|November 10, 2006|
Sustainability reporting linked to 'value creation'
|London, UK (GLOBE-Net) -- A growing number of businesses are identifying business risks and opportunities related to sustainability, concludes a survey of corporate sustainability reporting practices. Companies have shifted from a risk management perspective to an "entrepreneurial approach" when dealing with social and environmental issues. |
Tomorrow's Value is the fourth biannual report from London-based consultancy SustainAbility, developed in partnership with the United Nations Environment Programme (UNEP) and Standard & Poor's. The report ranks companies according to their governance, strategy, management, and presentation of sustainability issues.
The report authors identify a "growing illumination" among corporate leaders that links sustainability performance and reporting to corporate value. Companies such as BP, General Electric, and Wal-Mart are "helping change the game by beginning to build sustainability factors into their competitive strategy."
Value creation is surfacing as a major component of 'sustainability reports', as corporate responsibility moves beyond philanthropy and public relations and into a profit-enhancing component of the core business strategies of these companies. Progressive firms involved in challenges such as climate change and carbon trading are demonstrating a great deal more integration of these issues with their long term visioning and strategic planning.
A majority of the fifty companies identified in the report still take a conservative, risk-base view of sustainability strategies, but the top 14 are developing and disclosing strategies that aim to exploit market opportunities.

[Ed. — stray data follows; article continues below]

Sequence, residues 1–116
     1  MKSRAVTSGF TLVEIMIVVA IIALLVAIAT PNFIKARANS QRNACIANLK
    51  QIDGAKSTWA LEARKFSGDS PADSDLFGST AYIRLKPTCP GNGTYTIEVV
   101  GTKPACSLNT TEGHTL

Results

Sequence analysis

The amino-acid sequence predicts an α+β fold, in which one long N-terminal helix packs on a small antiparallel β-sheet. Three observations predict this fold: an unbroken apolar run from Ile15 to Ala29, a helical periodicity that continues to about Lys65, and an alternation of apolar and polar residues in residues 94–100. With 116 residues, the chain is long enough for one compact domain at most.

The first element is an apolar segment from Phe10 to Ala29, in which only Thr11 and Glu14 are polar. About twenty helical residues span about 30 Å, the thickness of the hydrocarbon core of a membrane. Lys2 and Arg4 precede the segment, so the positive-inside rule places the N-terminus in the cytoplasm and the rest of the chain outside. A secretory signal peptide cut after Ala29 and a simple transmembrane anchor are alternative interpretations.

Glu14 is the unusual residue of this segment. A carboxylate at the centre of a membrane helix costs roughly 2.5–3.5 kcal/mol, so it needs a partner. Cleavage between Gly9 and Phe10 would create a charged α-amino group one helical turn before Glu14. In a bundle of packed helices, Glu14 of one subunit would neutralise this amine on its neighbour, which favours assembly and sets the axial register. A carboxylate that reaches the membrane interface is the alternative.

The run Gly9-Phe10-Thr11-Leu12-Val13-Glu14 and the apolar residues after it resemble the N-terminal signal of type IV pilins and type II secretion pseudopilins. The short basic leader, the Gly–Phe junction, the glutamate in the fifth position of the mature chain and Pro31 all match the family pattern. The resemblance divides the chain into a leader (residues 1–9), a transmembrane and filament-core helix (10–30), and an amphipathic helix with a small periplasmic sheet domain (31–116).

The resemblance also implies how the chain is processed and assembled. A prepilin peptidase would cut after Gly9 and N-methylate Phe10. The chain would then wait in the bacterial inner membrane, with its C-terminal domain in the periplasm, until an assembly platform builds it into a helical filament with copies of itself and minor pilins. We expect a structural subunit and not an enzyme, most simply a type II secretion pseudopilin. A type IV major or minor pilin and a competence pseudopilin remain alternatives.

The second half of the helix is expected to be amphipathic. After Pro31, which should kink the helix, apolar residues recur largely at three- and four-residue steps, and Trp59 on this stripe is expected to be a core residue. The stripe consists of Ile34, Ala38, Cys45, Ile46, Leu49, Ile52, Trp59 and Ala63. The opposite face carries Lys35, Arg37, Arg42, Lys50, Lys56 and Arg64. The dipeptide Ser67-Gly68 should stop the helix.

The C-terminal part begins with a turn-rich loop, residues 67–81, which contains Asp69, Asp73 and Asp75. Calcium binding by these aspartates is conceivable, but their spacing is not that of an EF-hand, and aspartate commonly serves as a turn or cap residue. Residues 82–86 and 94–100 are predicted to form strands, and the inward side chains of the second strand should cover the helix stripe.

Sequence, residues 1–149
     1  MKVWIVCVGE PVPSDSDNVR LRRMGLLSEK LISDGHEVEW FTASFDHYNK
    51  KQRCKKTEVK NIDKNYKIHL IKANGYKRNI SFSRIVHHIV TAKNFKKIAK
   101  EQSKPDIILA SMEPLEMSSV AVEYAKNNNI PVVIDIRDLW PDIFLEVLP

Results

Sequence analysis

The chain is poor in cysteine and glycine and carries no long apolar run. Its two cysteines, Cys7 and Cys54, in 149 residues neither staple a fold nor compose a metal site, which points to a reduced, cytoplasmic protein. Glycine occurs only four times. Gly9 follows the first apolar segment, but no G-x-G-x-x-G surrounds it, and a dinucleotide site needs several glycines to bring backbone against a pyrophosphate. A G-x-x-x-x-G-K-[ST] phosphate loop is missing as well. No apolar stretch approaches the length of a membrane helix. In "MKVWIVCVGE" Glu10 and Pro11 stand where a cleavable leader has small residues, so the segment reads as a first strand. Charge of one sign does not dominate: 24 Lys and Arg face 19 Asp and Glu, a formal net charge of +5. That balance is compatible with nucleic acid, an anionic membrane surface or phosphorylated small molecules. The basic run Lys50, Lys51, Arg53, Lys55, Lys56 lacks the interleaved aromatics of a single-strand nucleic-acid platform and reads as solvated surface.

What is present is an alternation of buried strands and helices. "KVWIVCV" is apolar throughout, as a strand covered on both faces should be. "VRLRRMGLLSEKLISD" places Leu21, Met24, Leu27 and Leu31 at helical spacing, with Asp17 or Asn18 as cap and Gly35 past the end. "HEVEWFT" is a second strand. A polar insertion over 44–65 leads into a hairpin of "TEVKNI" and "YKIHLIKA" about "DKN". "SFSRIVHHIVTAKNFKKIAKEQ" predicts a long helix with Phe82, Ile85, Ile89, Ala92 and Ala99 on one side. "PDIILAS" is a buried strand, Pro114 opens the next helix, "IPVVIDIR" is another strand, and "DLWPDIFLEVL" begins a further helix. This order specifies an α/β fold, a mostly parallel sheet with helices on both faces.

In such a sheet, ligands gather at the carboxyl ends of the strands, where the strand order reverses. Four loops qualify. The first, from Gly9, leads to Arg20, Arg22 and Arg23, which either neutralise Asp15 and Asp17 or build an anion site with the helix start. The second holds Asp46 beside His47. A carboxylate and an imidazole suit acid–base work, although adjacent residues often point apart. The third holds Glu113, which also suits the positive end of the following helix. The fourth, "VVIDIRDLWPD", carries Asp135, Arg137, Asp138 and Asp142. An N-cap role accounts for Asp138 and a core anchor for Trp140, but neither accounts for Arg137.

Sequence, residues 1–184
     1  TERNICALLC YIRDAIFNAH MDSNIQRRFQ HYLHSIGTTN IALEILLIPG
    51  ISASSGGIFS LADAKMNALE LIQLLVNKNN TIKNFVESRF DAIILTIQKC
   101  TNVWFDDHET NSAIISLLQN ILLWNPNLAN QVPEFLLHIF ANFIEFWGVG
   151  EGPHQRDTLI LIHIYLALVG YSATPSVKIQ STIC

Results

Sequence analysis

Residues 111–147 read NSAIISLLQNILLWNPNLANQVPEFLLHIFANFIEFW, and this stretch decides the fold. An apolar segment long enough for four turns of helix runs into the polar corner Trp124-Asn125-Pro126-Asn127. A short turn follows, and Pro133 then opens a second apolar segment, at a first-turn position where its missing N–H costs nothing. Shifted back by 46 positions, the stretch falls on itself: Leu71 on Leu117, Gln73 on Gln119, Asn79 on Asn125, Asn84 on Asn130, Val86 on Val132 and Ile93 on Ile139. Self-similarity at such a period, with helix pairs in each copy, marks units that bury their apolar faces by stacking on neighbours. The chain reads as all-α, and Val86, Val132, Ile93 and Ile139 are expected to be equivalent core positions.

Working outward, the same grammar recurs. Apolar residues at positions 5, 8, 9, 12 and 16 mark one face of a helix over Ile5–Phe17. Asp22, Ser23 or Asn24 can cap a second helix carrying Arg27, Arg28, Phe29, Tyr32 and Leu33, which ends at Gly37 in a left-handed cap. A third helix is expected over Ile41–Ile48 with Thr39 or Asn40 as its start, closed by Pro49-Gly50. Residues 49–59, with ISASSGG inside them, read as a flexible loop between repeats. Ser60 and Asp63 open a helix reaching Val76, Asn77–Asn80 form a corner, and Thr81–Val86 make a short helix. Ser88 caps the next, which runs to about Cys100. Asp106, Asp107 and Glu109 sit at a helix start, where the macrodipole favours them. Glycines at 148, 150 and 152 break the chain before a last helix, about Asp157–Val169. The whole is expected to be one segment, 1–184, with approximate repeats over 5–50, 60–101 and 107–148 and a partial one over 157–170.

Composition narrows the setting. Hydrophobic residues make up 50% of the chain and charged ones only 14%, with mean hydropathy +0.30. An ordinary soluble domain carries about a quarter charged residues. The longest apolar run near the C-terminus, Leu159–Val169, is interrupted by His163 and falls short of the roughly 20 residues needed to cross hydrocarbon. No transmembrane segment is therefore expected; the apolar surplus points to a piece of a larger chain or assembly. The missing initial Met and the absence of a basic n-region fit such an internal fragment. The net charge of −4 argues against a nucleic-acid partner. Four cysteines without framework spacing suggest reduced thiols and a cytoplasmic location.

The change has been noticed by some mainstream investors, as financial analysts are considering not just downside risks, but also upside market growth opportunities. Seventy percent of companies reported interaction with investors on sustainability matters.
However, most companies have not been active enough in communicating the value of sustainability performance to the investment community, and lack the hard targets and forward-looking information that analysts will read concludes the report. Nonetheless, 'green' companies are now being embraced by venture capitalists and financial institutions alike, signalling growing investor interest in clean technology and companies that place a stronger emphasis on sustainability in their business planning.
Standard and Poor's noted the importance of non-financial disclosures and added that improved reporting of the links between sustainability and core business strategies will aid both sustainability-focused investors and traditional financial analysts.
Corporate moves like GE's 'Ecomagination' strategy, Wal-Mart's embrace of sustainable development, and BP's re-branding as 'Beyond Petroleum' are examples of corporate strategies that are focused on value creation. Companies that focus solely on risk minimization and accountability could become laggards in the eyes of analysts who see emerging opportunities in carbon trading and similar markets, the report warns.
Overall, companies are doing a better job at integrating sustainability factors into their core decision-making processes, with 80 percent considering at least one sustainability factor in major decisions.
Public policy initiatives and disclosure remain weak, as only 28 percent disclosed their lobbying activities, though this was a "major advance" over previous years.
There is a growing standardization of reports, with the Global Reporting Initiative (GRI) guidelines emerging as the preferred choice for many firms.
The full report can be read here.